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#14979 - 01/10/01 04:41 PM Re: quoth the raven  
Joined: Apr 2000
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tsuwm Offline
Carpal Tunnel
tsuwm  Offline
Carpal Tunnel

Joined: Apr 2000
Posts: 10,538
this too shall pass
>I missed ofTroy,s earlier comment

nice 'inverted apostrophe', musick!


#14980 - 01/11/01 08:49 AM Re: Poking Borak  
Joined: Dec 2000
Posts: 393
NicholasW Offline
enthusiast
NicholasW  Offline
enthusiast

Joined: Dec 2000
Posts: 393
London
"If you want to know the time, ask a policeman." For etymologies without that gnomic "[Ab.]", ask a modern dictionary. The Oxford Concise Australian Dictionary lists borak as (i) adv. (obs.) no, not; (ii) the sense 'fun' we already know about. Australian pidgin, from Wathawurung burag 'no, not'.

QEI.


#14981 - 01/11/01 12:19 PM Re: Poking the Borax  
Joined: Mar 2000
Posts: 1,027
wsieber Offline
old hand
wsieber  Offline
old hand

Joined: Mar 2000
Posts: 1,027
Switzerland
'borax' first occurs in 1944, a hundred years after 'borak'.

Well, I had my doubts about this, and subsequently found the following in "Ullmann's Encyclopedia of Industrial Chemistry, 6th edition, Electronic Release, 1999":
The Arabic word for borax, baurach, is found in old manuscripts from ancient Persia and Arabia dating 2000 years ago. ... At the end of the 13th century Marco Polo brought borax from Mongolia to Europe. This became the primary European source for use as a soldering and enameling agent.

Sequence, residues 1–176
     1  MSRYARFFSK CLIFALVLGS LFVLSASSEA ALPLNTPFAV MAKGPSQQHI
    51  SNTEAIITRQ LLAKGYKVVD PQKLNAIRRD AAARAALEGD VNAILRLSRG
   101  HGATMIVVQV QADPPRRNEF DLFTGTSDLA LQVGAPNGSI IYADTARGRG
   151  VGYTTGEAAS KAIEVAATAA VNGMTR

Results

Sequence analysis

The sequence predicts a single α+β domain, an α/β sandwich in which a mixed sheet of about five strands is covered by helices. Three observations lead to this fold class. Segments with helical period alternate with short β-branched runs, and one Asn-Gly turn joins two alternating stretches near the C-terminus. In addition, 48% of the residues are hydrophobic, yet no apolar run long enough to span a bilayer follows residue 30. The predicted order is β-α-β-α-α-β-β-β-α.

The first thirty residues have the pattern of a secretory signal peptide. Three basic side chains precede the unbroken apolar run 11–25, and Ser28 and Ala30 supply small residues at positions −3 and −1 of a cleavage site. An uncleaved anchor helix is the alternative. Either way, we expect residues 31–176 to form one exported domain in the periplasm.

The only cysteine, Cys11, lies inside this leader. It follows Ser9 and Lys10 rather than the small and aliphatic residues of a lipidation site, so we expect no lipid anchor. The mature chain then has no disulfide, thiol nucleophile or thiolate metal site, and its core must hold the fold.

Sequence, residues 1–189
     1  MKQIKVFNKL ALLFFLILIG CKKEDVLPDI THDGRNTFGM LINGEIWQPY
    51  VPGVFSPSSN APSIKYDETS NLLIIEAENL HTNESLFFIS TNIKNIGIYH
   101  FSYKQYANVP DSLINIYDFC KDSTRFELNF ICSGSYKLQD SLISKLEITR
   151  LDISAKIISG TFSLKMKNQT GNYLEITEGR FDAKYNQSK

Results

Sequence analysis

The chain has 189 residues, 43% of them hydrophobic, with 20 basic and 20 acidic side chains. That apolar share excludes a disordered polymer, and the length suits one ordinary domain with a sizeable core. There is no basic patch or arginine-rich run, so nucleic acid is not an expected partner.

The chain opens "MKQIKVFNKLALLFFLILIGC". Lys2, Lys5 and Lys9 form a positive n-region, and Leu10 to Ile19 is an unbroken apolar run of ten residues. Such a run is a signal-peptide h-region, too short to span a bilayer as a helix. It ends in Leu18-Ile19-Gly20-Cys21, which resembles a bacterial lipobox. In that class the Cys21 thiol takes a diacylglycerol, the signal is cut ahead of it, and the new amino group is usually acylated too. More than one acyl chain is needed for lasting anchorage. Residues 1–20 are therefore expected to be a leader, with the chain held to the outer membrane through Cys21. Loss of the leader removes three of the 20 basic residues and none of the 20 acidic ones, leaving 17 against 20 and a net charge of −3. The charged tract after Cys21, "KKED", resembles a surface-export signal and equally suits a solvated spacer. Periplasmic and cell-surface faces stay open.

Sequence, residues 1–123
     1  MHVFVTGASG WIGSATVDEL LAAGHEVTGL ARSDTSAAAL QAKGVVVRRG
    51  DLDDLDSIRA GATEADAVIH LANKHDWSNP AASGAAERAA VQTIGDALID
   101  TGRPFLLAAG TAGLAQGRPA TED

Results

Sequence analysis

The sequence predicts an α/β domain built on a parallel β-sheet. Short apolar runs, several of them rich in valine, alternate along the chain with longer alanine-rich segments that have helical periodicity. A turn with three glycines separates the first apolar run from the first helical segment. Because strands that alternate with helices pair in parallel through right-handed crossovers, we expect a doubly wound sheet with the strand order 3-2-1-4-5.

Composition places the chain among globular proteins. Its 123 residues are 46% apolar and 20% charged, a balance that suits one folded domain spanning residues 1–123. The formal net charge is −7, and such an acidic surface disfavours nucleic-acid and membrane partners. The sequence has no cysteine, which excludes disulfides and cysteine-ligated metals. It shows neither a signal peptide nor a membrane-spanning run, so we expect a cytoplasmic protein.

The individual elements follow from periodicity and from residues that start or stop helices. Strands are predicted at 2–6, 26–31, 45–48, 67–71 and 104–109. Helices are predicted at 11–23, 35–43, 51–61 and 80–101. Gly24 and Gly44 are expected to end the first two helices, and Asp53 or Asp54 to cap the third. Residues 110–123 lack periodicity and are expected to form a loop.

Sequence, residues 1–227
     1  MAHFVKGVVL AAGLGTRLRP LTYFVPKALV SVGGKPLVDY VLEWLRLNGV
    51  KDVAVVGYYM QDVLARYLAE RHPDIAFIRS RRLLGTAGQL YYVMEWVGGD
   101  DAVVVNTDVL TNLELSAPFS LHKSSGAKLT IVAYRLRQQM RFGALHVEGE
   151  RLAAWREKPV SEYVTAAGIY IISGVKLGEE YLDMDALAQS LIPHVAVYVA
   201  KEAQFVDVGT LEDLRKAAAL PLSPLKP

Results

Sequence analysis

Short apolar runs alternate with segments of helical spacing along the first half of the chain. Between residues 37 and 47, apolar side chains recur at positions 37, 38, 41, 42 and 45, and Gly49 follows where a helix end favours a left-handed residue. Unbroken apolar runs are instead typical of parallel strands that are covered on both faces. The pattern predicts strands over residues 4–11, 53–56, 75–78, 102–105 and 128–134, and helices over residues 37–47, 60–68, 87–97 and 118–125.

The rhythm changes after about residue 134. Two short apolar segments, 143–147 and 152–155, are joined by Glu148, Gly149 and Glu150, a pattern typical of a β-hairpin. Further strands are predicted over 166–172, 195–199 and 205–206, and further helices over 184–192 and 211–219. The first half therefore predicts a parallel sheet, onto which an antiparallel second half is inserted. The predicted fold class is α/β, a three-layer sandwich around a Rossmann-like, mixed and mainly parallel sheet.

Frankly, I believe borak, in the course of time, got assimilated to borax (because the latter is more widely known) rather than the other way round.


#14982 - 01/11/01 01:07 PM Re: Poking the Borax  
Joined: Dec 2000
Posts: 393
NicholasW Offline
enthusiast
NicholasW  Offline
enthusiast

Joined: Dec 2000
Posts: 393
London
'borax' in the sense of 'borak' first occurs in 1944, a hundred years after 'borak'.

Furthermore, I have now researched who the Wathawurung were, and have to share this with you all. They lived in the area west of Melbourne, from Ballarat to the coast. Ballarat lies by Lake Wendouree. Both names are Wathawurung. The story is that the lake got its name when William Yuille, who pastoralist who founded the Ballaarat (sic) station, asked a native woman its name and she said wendaaree, 'go away'.


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